For the last eight years, my brother-in-law has been one of the 1.2 million Americans who depend on paychecks from Wal-Mart. Ditto for the frail, aging mother of my significant other, a woman who has put in 10 years in the garden section of her store, where she still routinely does heavy lifting and spends her days on her feet.
It's easy to hate Wal-Mart. The stores are a blight on suburban landscapes, they force small businesses to close, they pay their workers badly. But the Wal-Mart employees I know take pride in their labors, despite how poorly they're compensated.
For example, my brother-in-law recently completed a difficult, four-month management training regimen. He has only a high school diploma, and the math proficiency requirements were difficult for him. Yet he would come home from work, sit down at the dining room table and hit the books, sometimes with the help of my college-educated sister. When I last visited, his management certificate was framed and prominently displayed on the mantelpiece.
I'm proud of my brother-in-law, but I must say that I haven't actually seen him on my last couple of visits, because he's either been working or sleeping. Right now it looks like I won't be seeing him for Thanksgiving, because he'll be preparing for the fabled "biggest shopping day of the year," known within the company as "the blitz."
Last time I visited, I very gingerly pressed my sister on the number of hours her husband is working for his new managerial salary. It sounded like well over 50, but my sister interrupted my inquiry by saying, "He likes his job."
I sometimes detect some ugly snobbery at work in the fashionable disdain for Wal-Mart, an elitism that is unseemly. Like most people I know, I'll shun Wal-Mart (or at least apologize loudly to anyone who catches me shopping there) but I'll happily give my money to Target or Home Depot or PetSmart, stores that all work on business plans similar to Wal-Mart's.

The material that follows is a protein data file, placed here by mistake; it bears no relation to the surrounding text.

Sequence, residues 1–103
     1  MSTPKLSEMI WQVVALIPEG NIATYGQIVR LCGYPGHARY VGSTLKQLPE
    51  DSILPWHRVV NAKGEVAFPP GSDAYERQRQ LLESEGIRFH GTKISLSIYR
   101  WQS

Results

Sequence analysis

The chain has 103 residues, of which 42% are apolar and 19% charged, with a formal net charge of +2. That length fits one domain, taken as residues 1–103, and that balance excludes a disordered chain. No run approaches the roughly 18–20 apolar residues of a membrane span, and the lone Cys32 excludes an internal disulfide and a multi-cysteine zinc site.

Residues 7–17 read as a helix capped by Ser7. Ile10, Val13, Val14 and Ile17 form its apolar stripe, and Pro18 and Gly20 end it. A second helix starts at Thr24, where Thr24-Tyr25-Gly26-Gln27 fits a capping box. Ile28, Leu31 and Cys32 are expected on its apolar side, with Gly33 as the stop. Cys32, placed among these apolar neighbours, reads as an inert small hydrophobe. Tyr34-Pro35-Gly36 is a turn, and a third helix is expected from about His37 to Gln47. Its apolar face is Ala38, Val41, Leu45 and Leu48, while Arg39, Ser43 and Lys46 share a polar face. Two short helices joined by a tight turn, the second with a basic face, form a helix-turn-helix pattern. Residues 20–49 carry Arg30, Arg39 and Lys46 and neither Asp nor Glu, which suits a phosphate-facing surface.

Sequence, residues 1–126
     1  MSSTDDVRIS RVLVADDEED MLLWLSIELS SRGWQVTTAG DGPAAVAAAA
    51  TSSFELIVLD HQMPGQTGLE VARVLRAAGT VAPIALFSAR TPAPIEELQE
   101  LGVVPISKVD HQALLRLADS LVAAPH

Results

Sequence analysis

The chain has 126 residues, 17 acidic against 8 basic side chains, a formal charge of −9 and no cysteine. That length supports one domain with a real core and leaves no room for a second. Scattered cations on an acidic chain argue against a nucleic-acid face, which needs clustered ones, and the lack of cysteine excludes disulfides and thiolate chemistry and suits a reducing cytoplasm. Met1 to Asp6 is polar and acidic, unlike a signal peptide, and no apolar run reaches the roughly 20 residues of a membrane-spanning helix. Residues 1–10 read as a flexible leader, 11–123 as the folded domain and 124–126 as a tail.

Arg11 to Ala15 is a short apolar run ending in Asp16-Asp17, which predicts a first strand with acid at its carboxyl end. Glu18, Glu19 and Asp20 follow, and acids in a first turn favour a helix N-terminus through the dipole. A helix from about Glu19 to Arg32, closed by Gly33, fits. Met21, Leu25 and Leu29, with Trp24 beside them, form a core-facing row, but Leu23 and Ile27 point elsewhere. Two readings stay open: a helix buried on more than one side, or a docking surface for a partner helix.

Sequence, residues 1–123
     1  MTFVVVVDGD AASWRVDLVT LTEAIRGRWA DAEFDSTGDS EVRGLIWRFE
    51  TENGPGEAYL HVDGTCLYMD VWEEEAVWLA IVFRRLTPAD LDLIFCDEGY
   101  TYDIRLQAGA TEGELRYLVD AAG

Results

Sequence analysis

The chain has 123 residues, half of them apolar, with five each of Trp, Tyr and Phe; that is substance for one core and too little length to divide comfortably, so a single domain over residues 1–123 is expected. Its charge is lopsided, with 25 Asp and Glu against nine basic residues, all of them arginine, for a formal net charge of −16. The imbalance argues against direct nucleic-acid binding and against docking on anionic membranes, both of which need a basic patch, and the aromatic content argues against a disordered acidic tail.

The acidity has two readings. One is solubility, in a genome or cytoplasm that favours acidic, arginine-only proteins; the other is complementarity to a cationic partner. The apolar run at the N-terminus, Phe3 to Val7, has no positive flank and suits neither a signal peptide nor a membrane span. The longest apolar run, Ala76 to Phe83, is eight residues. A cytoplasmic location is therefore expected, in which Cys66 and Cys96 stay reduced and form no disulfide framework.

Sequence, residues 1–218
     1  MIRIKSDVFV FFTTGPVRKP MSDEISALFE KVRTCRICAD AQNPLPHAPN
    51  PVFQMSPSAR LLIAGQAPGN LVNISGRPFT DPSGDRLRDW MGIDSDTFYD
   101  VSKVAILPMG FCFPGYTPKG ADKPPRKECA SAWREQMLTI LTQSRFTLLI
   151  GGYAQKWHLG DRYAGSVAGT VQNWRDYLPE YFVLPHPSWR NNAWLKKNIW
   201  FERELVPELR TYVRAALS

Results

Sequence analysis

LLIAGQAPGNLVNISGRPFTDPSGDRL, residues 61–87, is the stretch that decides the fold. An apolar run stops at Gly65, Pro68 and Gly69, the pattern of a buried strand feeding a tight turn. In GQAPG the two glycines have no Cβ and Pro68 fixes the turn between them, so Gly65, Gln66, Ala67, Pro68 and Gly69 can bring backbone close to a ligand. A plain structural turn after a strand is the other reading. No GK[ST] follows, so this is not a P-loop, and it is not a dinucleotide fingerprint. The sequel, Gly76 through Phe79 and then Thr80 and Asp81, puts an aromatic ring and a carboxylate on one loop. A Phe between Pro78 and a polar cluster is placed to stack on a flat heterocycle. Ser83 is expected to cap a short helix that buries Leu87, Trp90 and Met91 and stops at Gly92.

The last time I shopped at Wal-Mart (for $7.69 worth of Halloween finery), I noticed one particular worker who seemed to be, in conventional terms, only marginally employable. Well past the midpoint of what seemed to have been a hard life, she had a mouth full of bad teeth and shabby clothes underneath her regulation blue smock. Yet Wal-Mart has a place for her, if not a living wage.
I think that the full-frontal assault on Wal-Mart--while justified in highlighting the ways in which the store exploits its workers--carries the risk of pitting liberal activists against the poor. Inevitably, the professional operatives now working to spin Wal-Mart's image will employ this wedge strategy.
To its credit, however, the activist group Wal-Mart Watch is aggressively courting Wal-Mart workers and encouraging them to expect compensation and benefits that are commensurate with their toil. On a broader front, we all need to find ways to prevent Wal-Mart from punishing workers who utter even a murmur about organizing themselves.
The behemoth called Wal-Mart could have powerful, self-interested motives to help improve the quality of life in America. A recently leaked internal memo revealed that company managers are concerned about the escalating costs of labor and benefits. This is remarkable when one considers just how cheap the labor is, and just how paltry the benefits, and it shows just how much has to be sacrificed on the altar of low, low prices.
However, the fact that the nation's largest private employer can't afford their crappy health benefits smells like an opportunity. Why not find a strategy to put Wal-Mart's extraordinary financial resources in the service of national health care? It's already been noted that Detroit automakers are looking longingly at the well-insured Canadian workforce to the north.
If Wal-Mart, GM and other major corporations have better angels, perhaps they could be persuaded that supporting national health insurance would be both good for business and good for the country. It certainly would help my brother-in-law, my sister and their two small children.